In one embodiment, the invention provides a method and procedures for tuning operating characteristics of a device controller to match attributes of a data stream handled by the device controller in which the method comprises: (i) monitoring a data stream and collecting attributes of the monitored data stream; (ii) generating performance metrics of the data stream based on the collected attributes and a plurality of different assumed device controller configurations; (iii) comparing expected performance of the plurality of different device controller configurations for effectiveness with a future data stream having similar data stream type attributes to the monitored data stream; and (iv) selecting device controller characteristics to provide an effective match between the data stream type and the device controller configuration. In a particular embodiment, the controller configuration is adjusted automatically and dynamically during normal input/output operations to suit the particular input/output operation encountered.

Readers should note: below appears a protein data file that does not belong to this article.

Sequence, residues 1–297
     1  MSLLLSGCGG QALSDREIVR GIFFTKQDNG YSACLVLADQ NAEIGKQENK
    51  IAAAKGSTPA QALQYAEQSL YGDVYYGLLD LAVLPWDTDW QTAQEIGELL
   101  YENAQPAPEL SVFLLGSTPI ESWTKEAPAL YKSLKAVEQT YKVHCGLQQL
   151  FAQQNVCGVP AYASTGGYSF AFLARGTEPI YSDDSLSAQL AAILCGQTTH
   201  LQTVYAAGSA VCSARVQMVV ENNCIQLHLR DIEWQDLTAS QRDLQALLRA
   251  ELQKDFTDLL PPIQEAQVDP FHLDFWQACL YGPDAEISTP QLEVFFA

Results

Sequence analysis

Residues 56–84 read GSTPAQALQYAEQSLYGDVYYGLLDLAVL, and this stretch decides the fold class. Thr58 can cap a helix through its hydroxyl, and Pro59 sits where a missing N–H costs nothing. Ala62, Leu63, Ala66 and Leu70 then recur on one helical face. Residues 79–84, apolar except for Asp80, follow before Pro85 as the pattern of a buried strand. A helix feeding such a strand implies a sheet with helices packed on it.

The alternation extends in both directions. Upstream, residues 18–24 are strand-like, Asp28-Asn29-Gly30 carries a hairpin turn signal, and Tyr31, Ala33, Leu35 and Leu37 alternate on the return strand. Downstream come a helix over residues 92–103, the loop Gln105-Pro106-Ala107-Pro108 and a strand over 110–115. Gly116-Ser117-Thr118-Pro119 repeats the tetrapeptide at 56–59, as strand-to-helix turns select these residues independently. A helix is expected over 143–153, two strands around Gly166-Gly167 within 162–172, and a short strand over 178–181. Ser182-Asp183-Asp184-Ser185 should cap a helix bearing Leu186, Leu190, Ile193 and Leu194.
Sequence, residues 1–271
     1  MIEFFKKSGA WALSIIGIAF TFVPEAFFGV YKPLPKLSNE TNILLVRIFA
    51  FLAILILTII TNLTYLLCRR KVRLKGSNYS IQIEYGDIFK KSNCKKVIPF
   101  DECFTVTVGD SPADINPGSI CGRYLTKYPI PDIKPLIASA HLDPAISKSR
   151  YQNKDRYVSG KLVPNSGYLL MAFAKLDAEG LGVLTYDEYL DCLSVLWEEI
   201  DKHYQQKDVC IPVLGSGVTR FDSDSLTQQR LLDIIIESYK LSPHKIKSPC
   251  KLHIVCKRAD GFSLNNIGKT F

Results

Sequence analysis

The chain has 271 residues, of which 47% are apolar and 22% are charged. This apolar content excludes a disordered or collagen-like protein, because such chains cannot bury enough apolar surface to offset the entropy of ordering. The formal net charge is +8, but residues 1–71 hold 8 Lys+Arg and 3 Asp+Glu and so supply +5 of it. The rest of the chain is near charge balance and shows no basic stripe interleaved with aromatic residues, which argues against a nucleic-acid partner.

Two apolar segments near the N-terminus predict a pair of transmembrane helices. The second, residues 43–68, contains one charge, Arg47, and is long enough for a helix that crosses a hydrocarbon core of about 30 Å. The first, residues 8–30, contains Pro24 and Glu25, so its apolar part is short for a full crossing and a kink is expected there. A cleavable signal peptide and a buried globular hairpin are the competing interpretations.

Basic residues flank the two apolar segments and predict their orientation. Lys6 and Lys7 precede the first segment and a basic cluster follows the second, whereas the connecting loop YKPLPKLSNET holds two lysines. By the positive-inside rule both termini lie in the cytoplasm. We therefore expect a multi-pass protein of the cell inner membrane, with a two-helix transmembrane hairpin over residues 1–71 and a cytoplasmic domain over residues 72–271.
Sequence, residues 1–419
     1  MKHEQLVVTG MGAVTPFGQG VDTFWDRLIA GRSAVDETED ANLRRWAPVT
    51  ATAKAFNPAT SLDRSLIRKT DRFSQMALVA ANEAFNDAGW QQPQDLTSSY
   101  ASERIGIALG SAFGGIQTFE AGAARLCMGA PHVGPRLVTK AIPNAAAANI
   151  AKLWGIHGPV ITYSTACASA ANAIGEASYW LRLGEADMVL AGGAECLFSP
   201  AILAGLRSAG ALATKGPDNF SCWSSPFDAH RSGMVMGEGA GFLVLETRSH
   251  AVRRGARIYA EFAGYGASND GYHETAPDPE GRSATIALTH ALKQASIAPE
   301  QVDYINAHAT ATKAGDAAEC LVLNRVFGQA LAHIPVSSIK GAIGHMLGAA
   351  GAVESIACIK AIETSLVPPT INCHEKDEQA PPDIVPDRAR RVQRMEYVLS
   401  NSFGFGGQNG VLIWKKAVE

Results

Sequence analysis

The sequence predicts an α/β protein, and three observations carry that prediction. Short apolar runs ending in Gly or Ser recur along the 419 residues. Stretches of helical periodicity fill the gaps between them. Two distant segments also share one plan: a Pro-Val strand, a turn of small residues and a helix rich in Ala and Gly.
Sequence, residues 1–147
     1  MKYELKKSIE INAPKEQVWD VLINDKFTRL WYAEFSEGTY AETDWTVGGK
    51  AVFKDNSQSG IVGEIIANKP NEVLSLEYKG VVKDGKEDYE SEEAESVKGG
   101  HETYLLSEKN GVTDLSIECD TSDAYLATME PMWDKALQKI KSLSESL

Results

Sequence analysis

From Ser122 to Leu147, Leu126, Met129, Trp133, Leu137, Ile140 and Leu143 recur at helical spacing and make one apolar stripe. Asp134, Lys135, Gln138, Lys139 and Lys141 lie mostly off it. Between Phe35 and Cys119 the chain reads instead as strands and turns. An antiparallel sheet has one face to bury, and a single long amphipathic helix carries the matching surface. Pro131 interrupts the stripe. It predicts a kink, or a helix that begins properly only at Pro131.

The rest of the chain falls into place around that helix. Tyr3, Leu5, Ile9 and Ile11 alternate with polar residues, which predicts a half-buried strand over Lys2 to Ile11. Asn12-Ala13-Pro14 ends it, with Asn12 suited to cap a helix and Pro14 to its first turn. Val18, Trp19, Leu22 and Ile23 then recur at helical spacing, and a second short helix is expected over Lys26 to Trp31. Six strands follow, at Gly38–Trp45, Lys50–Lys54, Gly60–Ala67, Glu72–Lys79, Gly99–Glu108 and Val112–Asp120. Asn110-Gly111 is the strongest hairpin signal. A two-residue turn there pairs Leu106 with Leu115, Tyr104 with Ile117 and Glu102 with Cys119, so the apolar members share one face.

Configuration information may be selected, for example, from such configuration parameters as data redundancy level, RAID level, number of drives in a RAID array, memory module size, cache line size, direct I/O or cached I/O mode, read-ahead cache enable or read-ahead cache disable, cache line aging, cache size, and combinations thereof.
A storage device controller, such as a RAID disk array controller, implementing the inventive method in software or firmware is also provided, as are computer systems having a host computer coupled to a storage system through the inventive controller. When the invention is implemented as a procedure executing in a general purpose computer, specialized processor, or other information machine capable of executing computer program instructions, the invention further provides a computer program and a computer program product stored on a tangible media. For example, software, firmware, and/or microcode may be provided in conjunction with a processor and memory of a device controller wherein the firmware within the controller implements the inventive method and procedures.